Now that the Army has cut the FRSA positions, how will commanders meet these increased administrative requirements without shifting the burden onto an already diminished volunteer corps? Despite the fact that fewer commanders’ wives are able or willing to fill the volunteer roles — for free — during a stressful command stint, and fewer senior warrants’ wives or first sergeants’ wives are able to step into the volunteer leadership breach, the Army continues to scrutinize commanders’ FRG programs, where rosters of volunteer leaders and key callers are still sent to Division for inspection, and Brigades and Battalions are still held accountable for the success of their family support.

With fewer Army wives on tap to volunteer their free time to support the unit, and no embedded civilian FRSA to fill the void, battalions are scrambling to create solutions. Many battalions have already created a position called the Family Readiness Liaison (FRL), a “green-suiter” or soldier, essentially tasked to do the same thing as the FRSA but as an additional duty. However, commanders tend to pick a low-ranking soldier, who, at the end of the day, has little leverage to pressure company commanders to shape up their family support programs. And, unfortunately, a focus on family support programs may be far down on the commander’s to-do list when he has pre-deployment training, equipment maintenance, legal issues, and a hundred other things to handle.

The Army seems unready to evolve. I have had my husband’s mentors’ wives tell me that it is my patriotic duty to volunteer for my husband’s unit, and that’s a compelling argument, but it’s not reasonable if many Army wives are pursuing degrees, deeply involved in professional careers, or raising small children. My hope is that someone in the Army hierarchy raises the red flag to reshape the expectations of the Army wife, because, as a fellow FRG volunteer (and a former corporate lawyer) friend said to me, “We do it because it’s expected and it’s frowned upon if we don’t take on the role willingly — with a smile on our face.” It is unrealistic for the Army to depend on volunteer spirit alone, particularly after the death of civilian FRSA positions, to fill these vital family support roles when today’s families are so vastly different the stereotypical Army wives of the past.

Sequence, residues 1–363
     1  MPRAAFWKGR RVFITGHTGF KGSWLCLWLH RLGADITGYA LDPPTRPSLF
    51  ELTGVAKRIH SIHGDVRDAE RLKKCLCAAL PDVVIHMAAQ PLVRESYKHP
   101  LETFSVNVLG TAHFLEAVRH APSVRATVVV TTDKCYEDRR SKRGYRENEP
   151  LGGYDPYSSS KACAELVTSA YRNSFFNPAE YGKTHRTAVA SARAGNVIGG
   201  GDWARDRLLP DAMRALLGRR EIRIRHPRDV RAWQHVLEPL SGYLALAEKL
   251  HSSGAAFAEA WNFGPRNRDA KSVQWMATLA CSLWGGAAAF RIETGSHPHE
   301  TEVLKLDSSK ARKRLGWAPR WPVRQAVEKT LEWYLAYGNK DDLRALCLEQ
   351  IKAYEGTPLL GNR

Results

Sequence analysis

We may not see the consequences of the Army’s parochialism with regards to spousal roles until the next big deployment cycle, when both soldier and family readiness may suffer because institutionalized volunteers have all but become extinct.

Frances Tilney Burke is a former special assistant to the Deputy Secretary of Defense. She is also an Army wife, mother of three, and two-time FRG Advisor in the 101st Airborne Division, where she was nominated for installation “Volunteer of the Year” and twice received the Department of the Army Commander’s Award for Public Service. She and her husband, a career Army officer, are currently pursuing graduate work at The Fletcher School for Law and Diplomacy at Tufts University.

Photo credit: John Moore/Getty Images

Thomas E. Ricks covered the U.S. military from 1991 to 2008 for the Wall Street Journal and then the Washington Post. He can be reached at ricksblogcomment@gmail.com.